Call for Chapters – The Prison Cell: Embodied and Everyday Spaces of Incarceration

Victoria Knight and Jennifer Turner have been invited by Palgrave Macmillan to submit a proposal for an edited collection for the Palgrave Studies in Prisons and Penology book series with a focus upon the prison cell.

They are seeking an additional one or two chapters for inclusion in this already exciting collection of interdisciplinary scholarship.

If you are interested in making a contribution, they ask that you let them know of your interest at your earliest convenience, and then submit a proposed titled, an abstract of 250-300 words, and a short bio of 100 words by 28th February 2018.

Throughout the history of imprisonment, the use of cellular confinement has been instrumental in shaping the organisation of carceral space as one of reform, separation, deterrence and isolation. As Helen Johnston highlights, ‘although now often occupied by more than one prisoner, the cell has remained architecturally the most significant space in the prison’ (2010: 14). From crowded dormitories holding hundreds of debtors; and temporary holding rooms in police stations or court rooms; to graphically-design spaces with technological innovations and individual sanitation, the cell manifests in a variety of shapes and forms – each with a distinct function.  In this volume they bring together a series of chapters that negotiate the commonalities and variances of this type of carceral space and address its significance in relation to the embodied and everyday experiences of incarceration. They highlight the array of processes and practices that shape carceral life, adding to this rich area of discussion in penal scholarship, criminology, anthropology sociology and carceral geography. They extend this scholarship by providing a unique volume that provides advances in our understandings, conceptualisations and experiences of the space of the cell.

Contributions may focus upon any aspect of carceral space:

  • Prisons
  • Policing
  • Immigrant detention
  • Internment
  • Detention and mental health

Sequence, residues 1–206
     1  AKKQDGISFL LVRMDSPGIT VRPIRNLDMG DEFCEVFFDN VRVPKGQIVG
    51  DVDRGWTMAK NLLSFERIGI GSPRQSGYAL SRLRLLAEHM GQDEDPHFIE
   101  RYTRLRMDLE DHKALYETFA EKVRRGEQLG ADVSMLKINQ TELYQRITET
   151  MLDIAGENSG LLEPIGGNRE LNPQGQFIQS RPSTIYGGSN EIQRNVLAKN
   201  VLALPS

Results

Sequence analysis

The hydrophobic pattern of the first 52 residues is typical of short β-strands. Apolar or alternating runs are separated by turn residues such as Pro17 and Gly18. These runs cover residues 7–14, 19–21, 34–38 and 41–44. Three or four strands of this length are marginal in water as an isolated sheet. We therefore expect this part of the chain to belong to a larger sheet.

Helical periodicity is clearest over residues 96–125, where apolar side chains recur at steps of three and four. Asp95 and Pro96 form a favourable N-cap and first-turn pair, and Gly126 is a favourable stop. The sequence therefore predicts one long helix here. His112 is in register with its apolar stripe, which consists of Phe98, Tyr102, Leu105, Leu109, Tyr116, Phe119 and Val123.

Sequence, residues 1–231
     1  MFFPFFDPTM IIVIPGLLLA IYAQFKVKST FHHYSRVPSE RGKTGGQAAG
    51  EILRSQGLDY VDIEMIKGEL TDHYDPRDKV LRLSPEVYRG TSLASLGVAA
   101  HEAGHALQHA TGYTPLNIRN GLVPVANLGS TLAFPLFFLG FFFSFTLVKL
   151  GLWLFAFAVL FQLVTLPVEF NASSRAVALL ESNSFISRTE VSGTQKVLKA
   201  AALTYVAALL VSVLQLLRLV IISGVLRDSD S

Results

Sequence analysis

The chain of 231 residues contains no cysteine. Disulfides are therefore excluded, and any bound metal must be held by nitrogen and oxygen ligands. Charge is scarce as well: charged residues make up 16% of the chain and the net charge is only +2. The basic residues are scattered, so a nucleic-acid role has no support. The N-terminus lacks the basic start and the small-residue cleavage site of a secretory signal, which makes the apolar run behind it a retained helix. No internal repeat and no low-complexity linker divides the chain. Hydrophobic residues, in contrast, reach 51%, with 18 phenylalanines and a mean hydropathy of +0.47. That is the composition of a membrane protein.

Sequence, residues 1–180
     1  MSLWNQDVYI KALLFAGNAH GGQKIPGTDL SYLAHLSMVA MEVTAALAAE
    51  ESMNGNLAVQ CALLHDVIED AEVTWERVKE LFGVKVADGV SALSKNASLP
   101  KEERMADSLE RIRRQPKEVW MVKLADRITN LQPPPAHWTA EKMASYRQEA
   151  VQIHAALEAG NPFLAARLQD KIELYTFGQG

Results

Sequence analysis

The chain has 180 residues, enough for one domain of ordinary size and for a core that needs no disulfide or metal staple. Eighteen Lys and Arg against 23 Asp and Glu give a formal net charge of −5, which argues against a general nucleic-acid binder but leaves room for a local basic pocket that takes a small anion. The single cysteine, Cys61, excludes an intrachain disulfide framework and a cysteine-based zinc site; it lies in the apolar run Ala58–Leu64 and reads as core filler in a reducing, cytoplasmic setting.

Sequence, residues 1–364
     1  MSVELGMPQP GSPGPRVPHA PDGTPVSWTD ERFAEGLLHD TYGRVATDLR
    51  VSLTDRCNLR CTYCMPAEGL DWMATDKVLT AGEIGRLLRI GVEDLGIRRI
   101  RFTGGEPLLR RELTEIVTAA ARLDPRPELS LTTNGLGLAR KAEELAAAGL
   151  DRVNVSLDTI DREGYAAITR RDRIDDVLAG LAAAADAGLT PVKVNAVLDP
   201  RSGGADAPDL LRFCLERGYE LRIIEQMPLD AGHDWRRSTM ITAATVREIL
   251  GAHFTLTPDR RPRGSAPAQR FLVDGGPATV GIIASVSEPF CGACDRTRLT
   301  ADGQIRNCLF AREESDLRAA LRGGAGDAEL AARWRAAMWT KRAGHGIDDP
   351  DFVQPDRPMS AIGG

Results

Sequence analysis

• Prisoners of war
  • Abstract notions of ‘cell’

They may include (but need not be limited to) the following areas:

  • Differing visions of the cell in different geographical contexts
  • Multi-purpose of the cell
  • Home-making (materiality, symbolic attachment, resistance to control of space)
  • Cell-sharing and overcrowding
  • Sanitation
  • Safer custody and security
  • Escape from the prison cell
  • Friendship/Loneliness
  • Drug use and contraband
  • Risk and Self-Harm (design, implementation, and unintended consequences)
  • Deprivation and human rights
  • Emotive responses
  • Mobilities in cell space/from cell-to-cell/cell transfers
  • Art and other creative uses of space
  • Media representations of cell spaces
  • The changing importance of the prison cell/refocus towards significance of other prison spaces

Victoria and Jennifer are particularly interested to hear from authors working with case studies outside of the European context.

They anticipate the following timescale for the volume:

  • First submission of chapters (c.7-10k words) to the editors required by 31st August 2018
  • Final submission of revised chapters to the editors by 31st January 2019

Please note these dates in submitting your abstract for consideration.

They hope that you will want to be involved in this exciting project, and if you would like to discuss this further, please contact them at the following: